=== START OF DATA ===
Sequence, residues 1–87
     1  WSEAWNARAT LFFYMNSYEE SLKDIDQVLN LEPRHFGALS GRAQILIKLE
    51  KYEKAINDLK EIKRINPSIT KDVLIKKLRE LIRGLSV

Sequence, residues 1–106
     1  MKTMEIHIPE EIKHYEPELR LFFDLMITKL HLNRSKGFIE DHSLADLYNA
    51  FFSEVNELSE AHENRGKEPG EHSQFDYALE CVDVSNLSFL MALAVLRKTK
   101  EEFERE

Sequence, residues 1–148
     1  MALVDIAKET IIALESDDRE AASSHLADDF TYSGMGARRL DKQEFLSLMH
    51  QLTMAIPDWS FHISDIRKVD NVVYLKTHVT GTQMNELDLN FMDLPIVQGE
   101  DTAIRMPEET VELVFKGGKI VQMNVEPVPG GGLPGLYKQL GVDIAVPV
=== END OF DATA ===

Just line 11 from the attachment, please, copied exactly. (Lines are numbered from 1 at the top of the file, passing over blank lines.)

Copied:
   101  DTAIRMPEET VELVFKGGKI VQMNVEPVPG GGLPGLYKQL GVDIAVPV